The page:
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The FDA has placed a hold on several mid- and early-stage trials of vadastuximab talirine (SGN-CD33A) in acute myeloid leukemia (AML) being conducted by Seattle Genetics following the deaths of four patients, the company announced.

A Phase I/II trial of SGN-CD33A monotherapy in pre- and post-allogeneic transplant AML patients has been placed on full clinical hold, while two Phase I trials of the candidate were placed on partial clinical holds (no enrollment of new patients) though existing patients may continue treatment with reconsent.

The two trials placed on partial hold were a study of SGN-CD33A monotherapy, including a subset of older AML patients in combination with hypomethylating agents, and an SGN-CD33A combination treatment with 7+3 chemotherapy in newly diagnosed younger AML patients.

The clinical holds will be in place pending an evaluation of the potential risk of hepatotoxicity in patients who were treated with SGN-CD33A and received allogeneic stem cell transplant, either before or after treatment.

According to Seattle Genetics, the four deaths were among six patients who have been identified with hepatotoxicity, including several cases of veno-occlusive disease.

“Seattle Genetics is working diligently with the FDA to determine whether there is any association between hepatotoxicity and treatment with SGN-CD33A, to promptly identify appropriate protocol amendments for patient safety and to enable continuation of these trials,” the company said in a statement.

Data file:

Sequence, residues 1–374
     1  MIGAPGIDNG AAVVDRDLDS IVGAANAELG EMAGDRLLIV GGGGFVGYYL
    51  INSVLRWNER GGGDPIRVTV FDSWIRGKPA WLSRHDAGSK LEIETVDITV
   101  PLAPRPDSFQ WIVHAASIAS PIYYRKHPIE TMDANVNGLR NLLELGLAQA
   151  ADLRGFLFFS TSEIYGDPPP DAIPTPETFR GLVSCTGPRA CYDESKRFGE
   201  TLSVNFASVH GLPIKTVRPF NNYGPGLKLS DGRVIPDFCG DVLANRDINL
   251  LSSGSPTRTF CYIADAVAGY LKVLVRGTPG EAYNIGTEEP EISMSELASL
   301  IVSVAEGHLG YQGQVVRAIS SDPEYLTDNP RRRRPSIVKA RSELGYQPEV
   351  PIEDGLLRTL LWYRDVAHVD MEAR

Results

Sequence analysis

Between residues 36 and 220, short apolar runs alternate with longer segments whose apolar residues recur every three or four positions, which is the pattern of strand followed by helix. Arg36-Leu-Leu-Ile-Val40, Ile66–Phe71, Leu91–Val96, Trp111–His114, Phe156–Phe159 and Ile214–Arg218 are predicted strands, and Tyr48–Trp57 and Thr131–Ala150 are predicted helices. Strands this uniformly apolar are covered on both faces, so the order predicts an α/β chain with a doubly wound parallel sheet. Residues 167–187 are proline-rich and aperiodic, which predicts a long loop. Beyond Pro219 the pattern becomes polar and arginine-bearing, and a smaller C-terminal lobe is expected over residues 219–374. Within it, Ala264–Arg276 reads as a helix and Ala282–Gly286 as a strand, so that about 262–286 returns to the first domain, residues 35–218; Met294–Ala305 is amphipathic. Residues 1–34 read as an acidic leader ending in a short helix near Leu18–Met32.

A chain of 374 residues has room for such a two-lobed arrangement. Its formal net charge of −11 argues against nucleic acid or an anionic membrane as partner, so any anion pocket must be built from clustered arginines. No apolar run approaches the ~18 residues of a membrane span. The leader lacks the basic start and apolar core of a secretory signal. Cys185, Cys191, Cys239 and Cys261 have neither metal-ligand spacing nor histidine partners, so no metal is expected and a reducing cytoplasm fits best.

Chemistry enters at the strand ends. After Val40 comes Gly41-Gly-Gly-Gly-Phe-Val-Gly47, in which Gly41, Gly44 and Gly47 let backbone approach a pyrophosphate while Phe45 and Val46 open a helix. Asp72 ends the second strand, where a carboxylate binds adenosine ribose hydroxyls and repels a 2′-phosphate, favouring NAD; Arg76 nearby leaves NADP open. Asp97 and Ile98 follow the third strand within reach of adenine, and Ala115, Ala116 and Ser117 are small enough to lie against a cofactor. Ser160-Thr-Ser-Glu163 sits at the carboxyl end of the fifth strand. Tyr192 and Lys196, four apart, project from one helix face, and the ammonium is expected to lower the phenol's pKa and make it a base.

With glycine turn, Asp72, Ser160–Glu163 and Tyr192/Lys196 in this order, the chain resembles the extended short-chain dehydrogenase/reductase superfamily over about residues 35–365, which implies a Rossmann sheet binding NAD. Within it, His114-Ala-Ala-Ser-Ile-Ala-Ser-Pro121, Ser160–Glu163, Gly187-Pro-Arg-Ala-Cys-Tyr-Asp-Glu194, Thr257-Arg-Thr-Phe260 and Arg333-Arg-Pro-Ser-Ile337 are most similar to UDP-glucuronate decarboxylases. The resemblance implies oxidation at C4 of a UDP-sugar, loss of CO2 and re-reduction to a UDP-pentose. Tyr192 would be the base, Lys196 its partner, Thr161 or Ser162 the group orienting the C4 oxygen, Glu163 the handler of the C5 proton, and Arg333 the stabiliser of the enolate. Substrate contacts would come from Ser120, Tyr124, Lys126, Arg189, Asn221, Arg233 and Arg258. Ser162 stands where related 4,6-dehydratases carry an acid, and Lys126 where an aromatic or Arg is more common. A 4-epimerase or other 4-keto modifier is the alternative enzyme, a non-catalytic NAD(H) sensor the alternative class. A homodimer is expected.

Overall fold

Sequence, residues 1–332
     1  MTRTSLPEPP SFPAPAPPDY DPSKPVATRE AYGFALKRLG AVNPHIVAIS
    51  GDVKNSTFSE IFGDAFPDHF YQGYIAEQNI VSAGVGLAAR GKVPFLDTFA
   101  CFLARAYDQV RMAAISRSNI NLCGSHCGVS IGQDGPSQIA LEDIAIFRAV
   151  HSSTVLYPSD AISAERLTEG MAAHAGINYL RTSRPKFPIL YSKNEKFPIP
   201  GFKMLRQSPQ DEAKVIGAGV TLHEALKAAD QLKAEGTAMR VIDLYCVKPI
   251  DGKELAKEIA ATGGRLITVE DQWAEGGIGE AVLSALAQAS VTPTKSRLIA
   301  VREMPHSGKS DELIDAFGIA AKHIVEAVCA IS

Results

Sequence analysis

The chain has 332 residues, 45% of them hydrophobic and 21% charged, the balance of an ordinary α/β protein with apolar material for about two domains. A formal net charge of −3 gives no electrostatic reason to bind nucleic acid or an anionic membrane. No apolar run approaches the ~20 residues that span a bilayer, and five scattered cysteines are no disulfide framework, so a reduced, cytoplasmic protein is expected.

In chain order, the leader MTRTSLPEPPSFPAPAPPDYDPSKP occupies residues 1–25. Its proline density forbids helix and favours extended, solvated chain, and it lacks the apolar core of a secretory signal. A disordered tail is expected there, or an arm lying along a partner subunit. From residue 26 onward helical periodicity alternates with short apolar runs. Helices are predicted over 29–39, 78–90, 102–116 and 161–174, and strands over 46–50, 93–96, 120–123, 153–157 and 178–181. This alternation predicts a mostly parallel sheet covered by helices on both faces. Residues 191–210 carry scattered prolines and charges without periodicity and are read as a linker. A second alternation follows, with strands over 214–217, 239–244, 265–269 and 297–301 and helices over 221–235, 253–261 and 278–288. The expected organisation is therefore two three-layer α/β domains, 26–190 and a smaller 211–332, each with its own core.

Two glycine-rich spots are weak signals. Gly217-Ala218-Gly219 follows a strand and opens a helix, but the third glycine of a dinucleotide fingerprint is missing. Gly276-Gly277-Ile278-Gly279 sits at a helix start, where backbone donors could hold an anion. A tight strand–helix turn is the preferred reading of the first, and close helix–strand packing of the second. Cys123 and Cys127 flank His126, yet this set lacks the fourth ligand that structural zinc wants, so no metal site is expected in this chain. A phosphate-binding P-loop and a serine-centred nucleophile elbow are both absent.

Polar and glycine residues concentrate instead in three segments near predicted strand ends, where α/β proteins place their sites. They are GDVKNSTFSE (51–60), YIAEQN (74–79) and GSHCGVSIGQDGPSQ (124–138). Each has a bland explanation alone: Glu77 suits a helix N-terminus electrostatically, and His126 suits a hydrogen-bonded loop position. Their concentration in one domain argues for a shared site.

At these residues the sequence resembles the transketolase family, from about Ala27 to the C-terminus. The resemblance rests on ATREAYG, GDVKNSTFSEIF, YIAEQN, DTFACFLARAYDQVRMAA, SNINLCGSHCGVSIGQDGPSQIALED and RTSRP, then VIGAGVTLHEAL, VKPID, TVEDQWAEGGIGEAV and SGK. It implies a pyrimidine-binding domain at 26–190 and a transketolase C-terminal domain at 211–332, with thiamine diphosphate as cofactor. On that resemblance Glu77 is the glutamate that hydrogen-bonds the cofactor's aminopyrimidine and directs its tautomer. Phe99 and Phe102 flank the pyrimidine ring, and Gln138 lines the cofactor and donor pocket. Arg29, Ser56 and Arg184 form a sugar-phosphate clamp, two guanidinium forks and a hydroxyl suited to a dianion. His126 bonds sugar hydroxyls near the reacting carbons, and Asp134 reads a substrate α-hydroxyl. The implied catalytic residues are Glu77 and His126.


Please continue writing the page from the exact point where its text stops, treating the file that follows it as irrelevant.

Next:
Overall, more than 300 patients have been treated with SGN-CD33A in various clinical trials. No new studies of SGN-CD33A will be initiated until the clinical holds are lifted, Seattle Genetics added.

The clinical holds will not affect other ongoing trials of SGN-CD33A, including the Phase III CASCADE trial in older AML patients and a Phase I/II trial in myelodysplastic syndrome (MDS). Those studies are proceeding with enrollment, Seattle Genetics said.

SGN-CD33A is a CD33-targeting antibody-drug conjugate (ADC) candidate that targets CD33, which is expressed on most AML and MDS blast cells. The CD33 engineered cysteine antibody is stably linked to a highly potent DNA-binding agent called a pyrrolobenzodiazepine (PBD) dimer via site-specific conjugation technology (EC-mAb).

According to Seattle Genetics, the ADC is designed to be stable in the bloodstream and to release its potent cell-killing PBD agent upon internalization into CD33-expressing cells.

SGN-CD33A has been granted the Orphan Drug designation of both the FDA and the European Commission for the treatment of AML.

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